Require DeFi to have the same requirements as traditional finance
A bipartisan group of U.S. senators today introduced a bill that would require decentralized financial (DeFi) services to comply with anti-money laundering (AML) requirements and economic sanctions like traditional financial institutions.
The Crypto-Assets (Cryptocurrency) National Security Enhancement and Enforcement Act (CANSEE Act) also aims to strengthen the Treasury Department’s regulatory authority over DeFi projects.
U.S. Senators Jack Reed (Democrat), Mike Rounds (Republican), Mark Warner (Democrat), and Mitt Romney (Republican) are on the bill.
Lawmakers explain the background to the bill:
DeFi offers anonymity by design. This could allow criminals to circumvent financial institutions’ transaction surveillance and reporting systems for suspected money laundering and financial crime transactions.
He also noted that criminals, drug traffickers, and hostile states such as North Korea tend to use DeFi to launder their ill-gotten gains.
What is DeFi (decentralized finance)?
Refers to financial services or systems that utilize blockchain and are performed in the absence of a central administrator. Abbreviation for “Decentralized Finance.” DeFi financial services include stablecoin issuance, currency lending, and cryptocurrency exchanges. Many platforms use the Ethereum blockchain.
The CANSEE Act applies the same national security laws to DeFi that apply to banks, securities brokers, casinos, centralized cryptocurrency exchanges, and more.
DeFi services will be required to implement anti-money laundering (AML) programs, conduct customer due diligence, and report suspicious transactions to the U.S. Treasury Department’s Financial Crimes Enforcement Network (FinCEN).
The CANSEE Act also includes requirements for operators of cryptocurrency ATMs to verify the identity of the other party for each transaction using the ATM. According to lawmakers, there are currently about 30,600 cryptocurrency ATMs across the United States.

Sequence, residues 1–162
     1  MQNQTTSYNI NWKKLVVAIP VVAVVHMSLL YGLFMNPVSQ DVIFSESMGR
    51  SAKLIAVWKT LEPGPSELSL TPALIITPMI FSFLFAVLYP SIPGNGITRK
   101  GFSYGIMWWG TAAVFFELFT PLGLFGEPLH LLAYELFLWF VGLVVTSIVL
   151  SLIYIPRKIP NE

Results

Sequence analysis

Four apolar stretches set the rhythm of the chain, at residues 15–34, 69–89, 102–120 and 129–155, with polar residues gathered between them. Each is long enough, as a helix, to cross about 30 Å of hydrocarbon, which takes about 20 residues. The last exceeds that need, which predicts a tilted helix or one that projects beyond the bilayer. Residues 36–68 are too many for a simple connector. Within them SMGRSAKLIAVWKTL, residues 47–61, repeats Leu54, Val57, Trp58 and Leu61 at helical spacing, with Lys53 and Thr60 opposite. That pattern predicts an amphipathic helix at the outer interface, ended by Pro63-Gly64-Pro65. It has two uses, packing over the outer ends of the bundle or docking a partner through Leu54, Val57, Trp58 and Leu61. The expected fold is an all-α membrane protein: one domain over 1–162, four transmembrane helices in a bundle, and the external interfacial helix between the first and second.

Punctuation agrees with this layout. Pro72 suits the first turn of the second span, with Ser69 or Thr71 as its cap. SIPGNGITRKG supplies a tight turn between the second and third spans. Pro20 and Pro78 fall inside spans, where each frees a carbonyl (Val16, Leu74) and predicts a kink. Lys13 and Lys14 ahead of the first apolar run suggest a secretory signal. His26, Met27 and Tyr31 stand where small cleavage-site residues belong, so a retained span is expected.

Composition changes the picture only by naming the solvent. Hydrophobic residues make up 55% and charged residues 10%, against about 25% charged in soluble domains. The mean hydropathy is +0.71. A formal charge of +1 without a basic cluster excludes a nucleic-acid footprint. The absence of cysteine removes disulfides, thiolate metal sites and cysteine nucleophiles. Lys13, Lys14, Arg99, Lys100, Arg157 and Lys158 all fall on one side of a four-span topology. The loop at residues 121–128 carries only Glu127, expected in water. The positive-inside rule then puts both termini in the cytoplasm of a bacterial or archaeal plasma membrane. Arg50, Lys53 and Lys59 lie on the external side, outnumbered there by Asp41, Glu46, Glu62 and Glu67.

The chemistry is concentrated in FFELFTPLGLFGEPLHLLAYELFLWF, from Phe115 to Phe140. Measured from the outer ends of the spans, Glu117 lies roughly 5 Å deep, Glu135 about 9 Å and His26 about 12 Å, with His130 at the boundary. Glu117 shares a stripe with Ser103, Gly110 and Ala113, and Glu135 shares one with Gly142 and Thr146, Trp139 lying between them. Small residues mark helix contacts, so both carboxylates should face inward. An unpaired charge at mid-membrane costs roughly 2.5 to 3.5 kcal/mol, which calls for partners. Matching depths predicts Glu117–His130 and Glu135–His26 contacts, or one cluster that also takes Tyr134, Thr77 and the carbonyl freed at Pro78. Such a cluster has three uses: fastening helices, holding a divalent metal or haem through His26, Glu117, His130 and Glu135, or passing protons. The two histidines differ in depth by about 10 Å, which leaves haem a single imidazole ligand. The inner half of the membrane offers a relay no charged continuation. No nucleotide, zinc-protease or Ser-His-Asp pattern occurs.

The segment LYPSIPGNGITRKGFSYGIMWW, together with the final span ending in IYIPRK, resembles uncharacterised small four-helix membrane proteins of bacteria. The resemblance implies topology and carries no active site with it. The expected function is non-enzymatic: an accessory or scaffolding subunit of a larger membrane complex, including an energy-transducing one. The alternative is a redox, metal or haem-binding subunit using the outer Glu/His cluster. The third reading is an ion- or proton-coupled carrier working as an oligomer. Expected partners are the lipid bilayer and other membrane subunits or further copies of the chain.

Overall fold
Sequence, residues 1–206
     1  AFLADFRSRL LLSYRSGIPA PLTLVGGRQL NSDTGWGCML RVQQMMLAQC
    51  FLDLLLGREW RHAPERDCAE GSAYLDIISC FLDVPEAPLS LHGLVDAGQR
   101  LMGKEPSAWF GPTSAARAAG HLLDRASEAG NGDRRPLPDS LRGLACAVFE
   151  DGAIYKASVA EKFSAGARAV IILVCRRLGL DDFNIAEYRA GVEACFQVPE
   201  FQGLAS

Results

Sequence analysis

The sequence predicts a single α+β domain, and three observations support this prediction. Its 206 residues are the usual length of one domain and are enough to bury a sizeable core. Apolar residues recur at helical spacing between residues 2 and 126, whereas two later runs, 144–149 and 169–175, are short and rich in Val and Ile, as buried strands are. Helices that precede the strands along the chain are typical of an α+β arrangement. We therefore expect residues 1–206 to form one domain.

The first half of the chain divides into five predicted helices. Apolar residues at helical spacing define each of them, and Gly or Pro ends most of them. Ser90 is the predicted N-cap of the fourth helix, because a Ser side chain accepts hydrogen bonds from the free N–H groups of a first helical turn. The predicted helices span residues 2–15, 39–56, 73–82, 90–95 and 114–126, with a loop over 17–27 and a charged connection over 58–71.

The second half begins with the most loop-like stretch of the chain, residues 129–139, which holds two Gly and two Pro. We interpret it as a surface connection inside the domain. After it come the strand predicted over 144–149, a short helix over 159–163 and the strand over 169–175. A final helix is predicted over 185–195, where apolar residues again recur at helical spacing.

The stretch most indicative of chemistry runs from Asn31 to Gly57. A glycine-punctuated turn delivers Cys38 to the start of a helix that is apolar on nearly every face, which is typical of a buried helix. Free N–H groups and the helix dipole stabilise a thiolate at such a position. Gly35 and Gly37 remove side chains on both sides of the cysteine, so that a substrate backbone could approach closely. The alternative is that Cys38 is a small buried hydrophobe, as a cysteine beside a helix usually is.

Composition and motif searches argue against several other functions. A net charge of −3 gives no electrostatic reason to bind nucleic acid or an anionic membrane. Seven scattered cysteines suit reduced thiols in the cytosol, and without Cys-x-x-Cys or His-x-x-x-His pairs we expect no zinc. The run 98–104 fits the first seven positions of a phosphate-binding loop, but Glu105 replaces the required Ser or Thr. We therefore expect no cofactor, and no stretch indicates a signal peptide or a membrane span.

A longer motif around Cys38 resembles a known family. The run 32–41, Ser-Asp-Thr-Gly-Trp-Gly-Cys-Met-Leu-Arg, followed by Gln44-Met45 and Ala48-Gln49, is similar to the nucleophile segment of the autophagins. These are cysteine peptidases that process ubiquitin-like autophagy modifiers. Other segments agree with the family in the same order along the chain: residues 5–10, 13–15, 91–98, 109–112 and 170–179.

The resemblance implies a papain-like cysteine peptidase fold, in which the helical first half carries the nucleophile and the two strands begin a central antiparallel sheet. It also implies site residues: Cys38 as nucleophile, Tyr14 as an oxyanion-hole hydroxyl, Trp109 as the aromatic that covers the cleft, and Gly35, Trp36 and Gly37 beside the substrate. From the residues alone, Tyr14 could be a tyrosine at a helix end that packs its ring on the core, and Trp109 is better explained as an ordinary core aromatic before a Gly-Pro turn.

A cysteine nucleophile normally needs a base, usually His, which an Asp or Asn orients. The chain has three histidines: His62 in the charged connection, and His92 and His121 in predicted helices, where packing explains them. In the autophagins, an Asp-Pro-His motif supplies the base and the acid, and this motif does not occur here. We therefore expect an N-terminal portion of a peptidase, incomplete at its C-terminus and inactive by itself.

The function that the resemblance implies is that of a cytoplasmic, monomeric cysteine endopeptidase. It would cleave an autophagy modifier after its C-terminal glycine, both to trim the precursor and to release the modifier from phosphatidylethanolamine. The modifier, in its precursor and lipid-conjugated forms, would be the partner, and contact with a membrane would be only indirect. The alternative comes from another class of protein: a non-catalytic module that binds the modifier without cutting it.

Additionally, the bill provides for extending the Treasury’s authority to DeFi. By way of background, the U.S. Treasury Department has the power to impose special anti-money laundering measures on individual financial institutions, but that is currently limited to transactions that take place in the traditional banking system.
Opposition from industry
Some DeFi people also voiced their opposition to the bill. Miller Whitehouse Levine, CEO of the DeFi Education Foundation, said:
The bill would effectively ban DeFi development in the United States.
This approach is an unbalanced response to dealing with DeFi-based illicit activity and risks undermining U.S. law enforcement’s grasp of peer-to-peer cryptocurrency transactions.
Yaya Fanucy of the Crypto Council for Innovation, a cryptocurrency trade group, also questioned the bill’s application of traditional financial company rules to decentralized DeFi protocols and service administrators and developers.
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